The truth is you don’t know what is going to happen at this point. You are creating your own suffering by imagining and feeling the worse case scenario. Again, the reptilian part of your brain is doing this to protect you. However, you don’t want this part of the brain to be driving you.


 So how do you cope with those personally overwhelming Oh Sh*t! Moments? Here are some ideas.

1. FIND A SAFE PLACE AND LET YOUR ENERGY MOVE. Cry or rant or freak out – what ever your body needs to allow the energy to flow. Some strategies that clients have tried:

  • Just let yourself collapse and cry on the floor. This sounds dramatic, but remember doing that as a child when you were upset? Oh… no? Well, okay, maybe that was just me.
  • Take a brisk walk, swinging those arms, saying and feeling whatever you need to say about the situation out-loud as you go. Afraid people will think you’re crazy? Just put in some ear buds and people will assume you are upset with someone on the phone.
  • Put some music on that fits your mood and dance around the house as wildly as your body wants to, allow any emotions, like anger and sadness, to have their space. You may want to make sure those curtains are closed first!

This step doesn’t have to take long, just lean into it fully, anywhere from three minutes (the average length of a song) to twenty minutes (enough time for a brisk walk), and I bet your body will feel differently.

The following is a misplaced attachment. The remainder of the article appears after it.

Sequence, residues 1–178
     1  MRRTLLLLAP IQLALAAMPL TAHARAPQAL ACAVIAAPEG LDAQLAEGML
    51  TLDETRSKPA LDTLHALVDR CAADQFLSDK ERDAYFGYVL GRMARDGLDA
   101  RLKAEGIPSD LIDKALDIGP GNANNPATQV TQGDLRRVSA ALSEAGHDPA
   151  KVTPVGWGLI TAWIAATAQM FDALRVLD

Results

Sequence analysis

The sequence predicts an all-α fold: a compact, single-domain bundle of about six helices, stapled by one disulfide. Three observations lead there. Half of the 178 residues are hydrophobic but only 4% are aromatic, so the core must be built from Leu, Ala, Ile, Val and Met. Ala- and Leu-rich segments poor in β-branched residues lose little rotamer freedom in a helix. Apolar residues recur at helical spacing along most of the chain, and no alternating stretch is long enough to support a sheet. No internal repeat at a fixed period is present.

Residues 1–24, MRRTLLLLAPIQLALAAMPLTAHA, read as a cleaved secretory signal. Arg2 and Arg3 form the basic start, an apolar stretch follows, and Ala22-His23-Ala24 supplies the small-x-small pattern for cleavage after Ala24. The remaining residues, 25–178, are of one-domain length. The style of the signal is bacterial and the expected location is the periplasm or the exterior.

2. SHOW UP AND GIVE YOURSELF SOME COMPASSION. You are feeling this way for a good reason. Don’t compound the problem by making yourself wrong for how you feel. Here’s how:

  • It may seem like everything inside of you is freaking out, but try isolating it, cutting it down to size by saying three magic words, “Something in me is freaking out about: this pregnancy, this relationship impasse, this health issue or work situation.”
  • Now imagine you could turn towards that part and be a caring friend, “No wonder you are so upset. This is really scary.”

3. SEPARATE FACTS FROM FICTION. This is where you engage the rest of your brain and separate what is actually happening from what you are imagining as the worse case scenario.

When you are convinced something is a fact, follow Byron Katie, author of Loving What Is, and ask:

  • Is it true?
  • Can I absolutely know that it is true?

Fact: You are pregnant. Fiction: You will lose your job, husband and condo.

We actually don’t know at this point what will happen. You are inventing it. (FYI – It is not legal to lose your job from being pregnant. As for the condo, babies have actually survived, even thrived, in small quarters. Your husband? Well, imagine that he loves you bunches.)

4. BREAK IT DOWN TO BABY STEPS, FOCUSING ON WHAT YOU CAN DO. Taking one small step will help you figure out what fits, what you can do, and how you really feel with more information. Try this:

  • Have a conversation with your husband.
  • Consider the idea of starting a family.
  • Talk to your boss or friends that have had babies and still work.


Sometimes we just want life to slow down so that we can catch up and feel safe. Living life fully means things can happen and sometimes things happen fast. As long as we can find ways to deal with reptilian reactions and maybe even give that part of ourselves some appreciation for all its awesome survival efforts, all will be well.

Life isn’t about getting rid of things or parts of ourselves, it’s about experiencing everything, and by learning and growing – even through the Oh Sh*t! Moments. Frankly, those often become the highlight or blooper reel of our lives!